A New Survey on Improving TCP Performances over Geostationary Satellite Link

Alain Pirovano, Fabien Garcia


The idea of Internet everywhere makes the assumption that an Internet access should be available even in remote areas without network infrastructure. In this case satellite access represents an attractive solution. Nevertheless, experience shows that over satellite links, TCP is limited in terms of data speeds. Many enhancements and solutions, based for instance on tuning TCP parameters or TCP spoofing, have been proposed to avoid the underutilization of satellite link capacity. These topics have been often addressed, but considering recent high speed TCP variants, the evolution of end users habits, and recently proposed satellite link access scheme, a new study is necessary in order to reconsider some preconceptions and previous recommendations in such a context. This paper proposes an overview of TCP variants and a survey of commonly proposed solutions for TCP over satellite. Then a methodology for TCP performance assessment over satellite links is exposed. The approach is mainly based on a satellite link emulation platform and some tools developed at the ENAC. We assess the gain offered by a split TCP connection with PEPSal comparatively to end to end TCP connections based on NewReno and a recent widely deployed TCP version (TCP Cubic) on an emulated satellite link. Unlike existing studies, we compare PEP advantages with most recent TCP versions and propose as an extension, to assess PEP gain considering the number of simultaneous TCP connections. Finally, the results provided allow us to make some original recommendations toward TCP deployment over satellite links.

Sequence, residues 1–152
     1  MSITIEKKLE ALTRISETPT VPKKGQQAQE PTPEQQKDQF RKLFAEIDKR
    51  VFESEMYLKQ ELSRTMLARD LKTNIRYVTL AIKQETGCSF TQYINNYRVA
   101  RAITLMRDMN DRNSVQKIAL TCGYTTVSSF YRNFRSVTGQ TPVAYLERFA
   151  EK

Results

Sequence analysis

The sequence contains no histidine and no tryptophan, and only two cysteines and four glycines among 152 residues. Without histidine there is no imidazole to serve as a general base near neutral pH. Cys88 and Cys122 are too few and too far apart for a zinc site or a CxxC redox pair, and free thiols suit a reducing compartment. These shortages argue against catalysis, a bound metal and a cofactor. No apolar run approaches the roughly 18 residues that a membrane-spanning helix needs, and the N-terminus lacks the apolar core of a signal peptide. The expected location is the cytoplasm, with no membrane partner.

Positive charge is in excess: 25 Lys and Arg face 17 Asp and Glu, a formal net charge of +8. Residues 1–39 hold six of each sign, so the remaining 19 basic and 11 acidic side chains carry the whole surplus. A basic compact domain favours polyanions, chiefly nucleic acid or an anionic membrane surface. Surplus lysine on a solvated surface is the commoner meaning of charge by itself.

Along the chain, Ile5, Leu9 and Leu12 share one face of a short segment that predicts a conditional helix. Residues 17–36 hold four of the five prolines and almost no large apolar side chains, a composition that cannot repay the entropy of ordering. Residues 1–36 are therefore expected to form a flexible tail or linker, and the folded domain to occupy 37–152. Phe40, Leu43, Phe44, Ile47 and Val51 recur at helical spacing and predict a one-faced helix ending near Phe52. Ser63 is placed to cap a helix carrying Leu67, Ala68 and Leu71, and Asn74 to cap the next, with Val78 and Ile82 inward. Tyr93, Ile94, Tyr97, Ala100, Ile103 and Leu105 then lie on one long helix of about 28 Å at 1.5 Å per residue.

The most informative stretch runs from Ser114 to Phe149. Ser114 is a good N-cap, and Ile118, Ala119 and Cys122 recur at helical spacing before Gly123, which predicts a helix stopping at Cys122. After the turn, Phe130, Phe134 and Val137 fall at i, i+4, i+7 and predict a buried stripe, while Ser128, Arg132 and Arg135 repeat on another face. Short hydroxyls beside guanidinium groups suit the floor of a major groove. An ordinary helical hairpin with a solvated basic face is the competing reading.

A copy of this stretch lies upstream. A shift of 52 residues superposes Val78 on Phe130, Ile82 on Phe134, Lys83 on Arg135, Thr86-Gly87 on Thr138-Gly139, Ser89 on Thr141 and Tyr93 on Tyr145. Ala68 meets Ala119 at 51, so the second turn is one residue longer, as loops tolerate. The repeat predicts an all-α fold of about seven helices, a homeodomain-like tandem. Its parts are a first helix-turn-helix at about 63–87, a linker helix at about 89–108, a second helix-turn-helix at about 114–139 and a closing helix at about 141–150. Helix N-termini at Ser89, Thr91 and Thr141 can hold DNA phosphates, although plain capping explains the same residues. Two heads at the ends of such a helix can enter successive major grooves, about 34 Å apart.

Full Text:


DOI: http://dx.doi.org/10.5539/nct.v2n1p1

Network and Communication Technologies   ISSN 1927-064X(Print)   ISSN 1927-0658 (Online)
Copyright © Canadian Center of Science and Education

To make sure that you can receive messages from us, please add the 'ccsenet.org' domain to your e-mail 'safe list'. If you do not receive e-mail in your 'inbox', check your 'bulk mail' or 'junk mail' folders.